I am sad that danger like this lurks in nature, sad that exploring the peaceful forests, walking the hiking trails, and taking in the beautiful mountainous landscapes now carry significant fear. This issue moves beyond the Georgia mountains. I have never been able to enjoy the Cascades alone for just such reasons. In October we found a beautiful spot in the Cascade Mountains, a spot perched by the river and perfect for summer outings. I thought how nice it would be to take my visiting girlfriends there for picnics on lazy summer days and show them the magnificent Cascades. Immediately I began assessing how safe the area might be, determining where I could park the car so we could easily access it if anyone came near. I resent the need to think this way, to plan and be prepared. I enjoy spontaneity. But, my husband and I try to remain aware of our surroundings and anyone who encroaches when we are out exploring.

We live near an area where Ted Bundy kidnapped 2 women and dumped some of his victims 30 years ago during his killing spree in the Seattle area. These are facts I keep in mind. After moving to the Pacific NW I wondered about the serial killers (Bundy, Ridgway, to name 2) who roamed this area. The topography, the evergreen wilderness and undeveloped mountains, provides a screen of privacy and freedom for the criminal mind. I grieve that this is part of the world in which we all live. When I was young we were not afraid in the forests except perhaps of stepping on a snake we might not see.

I am angry that violent death has come to the mountains I've loved in my home state, angry that violation and murder have splashed them with fear, eroding the tranquility which resided in nature's glorious home. I am sorry my nieces who are only now discovering this area will never have the same sense of safety in these mountains I have loved so much.

I grieve for what is lost.


Anonymous said...

I guess we will have to fight back and carry our pepper spray, maybe register to carry a weapon, and keep our eyes open. Mountain lions and bears at least have a natural permission to attack. I know that I will not give up the mountains to those who are sick.


Tammy said...

Oh Sky! What a sad commentary on our changing world. My thoughts turn to future generations that will be robbed of feeling safe.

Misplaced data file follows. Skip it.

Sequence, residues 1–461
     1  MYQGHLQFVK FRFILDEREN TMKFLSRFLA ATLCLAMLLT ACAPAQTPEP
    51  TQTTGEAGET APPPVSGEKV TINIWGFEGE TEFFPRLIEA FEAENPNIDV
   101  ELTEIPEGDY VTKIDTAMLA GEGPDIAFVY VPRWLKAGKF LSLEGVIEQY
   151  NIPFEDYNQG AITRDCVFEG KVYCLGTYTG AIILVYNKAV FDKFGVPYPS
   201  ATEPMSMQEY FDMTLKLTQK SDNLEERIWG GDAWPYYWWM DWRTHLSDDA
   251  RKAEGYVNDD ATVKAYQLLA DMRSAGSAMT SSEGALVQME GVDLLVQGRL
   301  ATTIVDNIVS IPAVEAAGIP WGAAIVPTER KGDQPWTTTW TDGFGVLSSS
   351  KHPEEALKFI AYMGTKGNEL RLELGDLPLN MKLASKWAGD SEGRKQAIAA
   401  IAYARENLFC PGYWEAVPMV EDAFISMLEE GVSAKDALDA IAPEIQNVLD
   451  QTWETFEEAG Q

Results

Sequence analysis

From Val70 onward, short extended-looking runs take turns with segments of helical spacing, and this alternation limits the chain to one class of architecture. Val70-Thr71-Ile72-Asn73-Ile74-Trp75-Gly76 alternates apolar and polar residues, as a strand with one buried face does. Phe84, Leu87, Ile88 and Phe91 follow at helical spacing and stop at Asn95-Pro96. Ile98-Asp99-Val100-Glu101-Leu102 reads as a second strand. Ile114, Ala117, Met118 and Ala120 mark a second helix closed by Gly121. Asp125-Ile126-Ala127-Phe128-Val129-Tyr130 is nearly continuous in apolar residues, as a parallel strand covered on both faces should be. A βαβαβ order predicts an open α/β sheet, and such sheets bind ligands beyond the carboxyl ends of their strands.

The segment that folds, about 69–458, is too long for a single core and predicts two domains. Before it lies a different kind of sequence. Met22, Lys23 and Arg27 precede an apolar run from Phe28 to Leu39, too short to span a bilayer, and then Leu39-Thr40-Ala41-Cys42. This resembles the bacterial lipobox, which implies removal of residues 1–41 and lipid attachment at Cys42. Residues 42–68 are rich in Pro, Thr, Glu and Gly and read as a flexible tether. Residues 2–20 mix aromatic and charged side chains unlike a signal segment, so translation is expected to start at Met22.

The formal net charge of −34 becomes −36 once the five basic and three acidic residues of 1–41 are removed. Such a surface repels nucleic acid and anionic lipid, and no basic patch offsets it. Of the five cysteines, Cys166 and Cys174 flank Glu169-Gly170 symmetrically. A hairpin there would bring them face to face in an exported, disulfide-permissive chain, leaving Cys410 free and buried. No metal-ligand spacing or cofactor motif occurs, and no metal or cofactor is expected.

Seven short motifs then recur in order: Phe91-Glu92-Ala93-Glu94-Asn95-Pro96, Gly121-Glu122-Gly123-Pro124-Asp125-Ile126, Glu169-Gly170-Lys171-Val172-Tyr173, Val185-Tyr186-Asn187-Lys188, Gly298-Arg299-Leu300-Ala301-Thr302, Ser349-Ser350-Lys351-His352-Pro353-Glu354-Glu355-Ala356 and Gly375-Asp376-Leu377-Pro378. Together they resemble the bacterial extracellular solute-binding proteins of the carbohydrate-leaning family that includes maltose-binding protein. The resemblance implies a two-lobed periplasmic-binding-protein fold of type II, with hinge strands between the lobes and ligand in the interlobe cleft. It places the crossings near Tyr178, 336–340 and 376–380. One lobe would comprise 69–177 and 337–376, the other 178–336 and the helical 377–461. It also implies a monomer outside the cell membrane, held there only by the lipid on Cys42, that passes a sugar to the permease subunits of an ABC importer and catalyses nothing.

I pray for our planet!

May peace and love wrap around you in 2008.


rdl said...

This is terrible. I don't watch the news much ( for these very reasons) so was unaware.
We live near cranberry bogs and i tell my son not to walk the dog there alone because of the remoteness.

PFE Music said...

A man tried to abduct me when I was about 10, and I was beaten and robbed in my 30s. I've never felt safe...

colleen said...

I just heard about this today but not in this kind of detail. It is so very upsetting and chills me to the bone. I actually couldn't watch the whole thing because it spooked me so.

And thank you so much for your recent comments at Loose Leaf and for sharing your own story.

Yolanda said...

This made me so sad.I feel so bad for her parents.

Frankie said...

What a truly powerful piece Sky. It is such a tragedy, what happened to Meredith, what happened to victims everywhere, what happened to our sense of safety. It is such a tragedy what is happening to our world, that our news is filled with so much crime and killing, that it only continues to grow. I know just how you feel, how even when I was a child things somehow seemed safer, seemed more available to us.

I think about this as I walk to work each morning. I think about whether I am putting myself in danger simply by walking a few blocks in suburbia before dawn. Would people say, "what was she thinking? She should have known..." if anything happened? Do I really need to give up the gladness of my walk simply because we live in this world that we do?

It is heartbreaking, and I am grieving right along with you.

All my thoughts and love xoxo

sam of the ten thousand things said...

Sad - but I appreciate your comments on the story, Sky. I'm familiar with that region of Georgia.

mm said...

Dear Sky, sometimes we can only pray. For this girl, for the planet, for your mountains.